British-born shuttle astronaut Piers Sellers and American Michael Fossum took turns strapping their feet onto a small platform and dangling from the end of a 30m (100-foot) boom that would allow astronauts to reach every part of a shuttle.
"It's like being in a very slow elevator," Sellers radioed to ground controllers as he rode atop the end of the boom, which is a combination of the space shuttle Discovery's 15m (50-foot) robot arm and a 15m (50-foot) extension.
The exercise, performed at 28,000kph (17,500 miles per hour), 357km (220 miles) above the Earth, was part of NASA's efforts to recover from the 2003 Columbia disaster and make certain there are options for repairing a damaged shuttle before it returns.
Seven astronauts aboard Columbia died without knowing their shuttle was critically damaged when insulation foam fell off during liftoff. The vessel broke apart over Texas as it returned to Earth.
"Hopefully we never have to use it, but we have the capability if we ever need to," flight director Tony Ceccacci said after the test with the boom ended.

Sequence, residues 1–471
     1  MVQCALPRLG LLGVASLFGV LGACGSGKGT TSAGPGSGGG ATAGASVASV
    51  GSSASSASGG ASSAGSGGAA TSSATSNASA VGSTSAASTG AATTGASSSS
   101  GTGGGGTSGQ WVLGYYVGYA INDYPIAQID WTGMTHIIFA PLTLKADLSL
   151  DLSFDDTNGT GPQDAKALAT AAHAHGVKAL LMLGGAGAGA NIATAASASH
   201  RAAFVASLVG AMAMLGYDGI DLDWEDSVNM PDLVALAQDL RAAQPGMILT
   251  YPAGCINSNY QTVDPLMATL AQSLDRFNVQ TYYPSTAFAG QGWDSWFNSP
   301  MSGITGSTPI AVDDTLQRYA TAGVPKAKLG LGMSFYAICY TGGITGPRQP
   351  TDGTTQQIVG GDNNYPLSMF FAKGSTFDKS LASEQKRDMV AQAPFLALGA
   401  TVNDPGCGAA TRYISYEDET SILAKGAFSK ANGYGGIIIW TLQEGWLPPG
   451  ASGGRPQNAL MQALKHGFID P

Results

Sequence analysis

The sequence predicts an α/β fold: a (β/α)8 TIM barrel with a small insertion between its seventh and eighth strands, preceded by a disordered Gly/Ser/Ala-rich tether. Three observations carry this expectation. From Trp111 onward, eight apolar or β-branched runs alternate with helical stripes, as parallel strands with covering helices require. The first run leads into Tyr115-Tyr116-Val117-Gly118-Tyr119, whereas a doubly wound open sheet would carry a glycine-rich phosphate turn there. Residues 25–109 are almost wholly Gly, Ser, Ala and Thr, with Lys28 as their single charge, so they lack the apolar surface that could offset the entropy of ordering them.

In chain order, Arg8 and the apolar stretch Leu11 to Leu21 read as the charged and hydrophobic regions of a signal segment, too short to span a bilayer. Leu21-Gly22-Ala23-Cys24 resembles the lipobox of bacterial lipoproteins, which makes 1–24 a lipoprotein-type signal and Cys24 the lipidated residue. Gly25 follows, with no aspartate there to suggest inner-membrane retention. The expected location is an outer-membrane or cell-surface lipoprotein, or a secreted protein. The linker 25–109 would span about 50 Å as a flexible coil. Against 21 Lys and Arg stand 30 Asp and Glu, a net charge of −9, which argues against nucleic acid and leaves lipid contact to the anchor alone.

Sellers and Fossum, who with five other astronauts on Discovery docked with the International Space Station on Thursday, spent more than seven hours outside the ship.
Discovery as seen from the
Space Station on 06 July, 2006
The spacewalk, which is the first of three planned during the shuttle's 13-day flight, was extended an hour because of difficulties with safety tethers, which are used to keep tools and the astronauts from floating off into space.
Since Discovery's launch from Florida on Tuesday, NASA has been poring over the shuttle with cameras and sensors looking for damage.
On the only other post-Columbia shuttle flight, which flew last summer, foam also fell off the fuel tank at launch but did not harm the spacecraft. NASA has spent $1.3 billion on safety upgrades since the Columbia disaster.
No major damage has been spotted on this flight, but engineers are still studying one area where filler material is protruding slightly from between heat-protecting tiles.
If NASA decides to remove the protruding "gap filler," it would likely be attempted on the third spacewalk on Wednesday.
Being able to use a boom for repairs boosts the chance NASA will approve a servicing mission to the Hubble Space Telescope, said shuttle deputy program manager John Shannon.
Crews flying to Hubble would not be able to reach the space station to await rescue if their ship was damaged during flight. Instead, they would have to attempt repairs.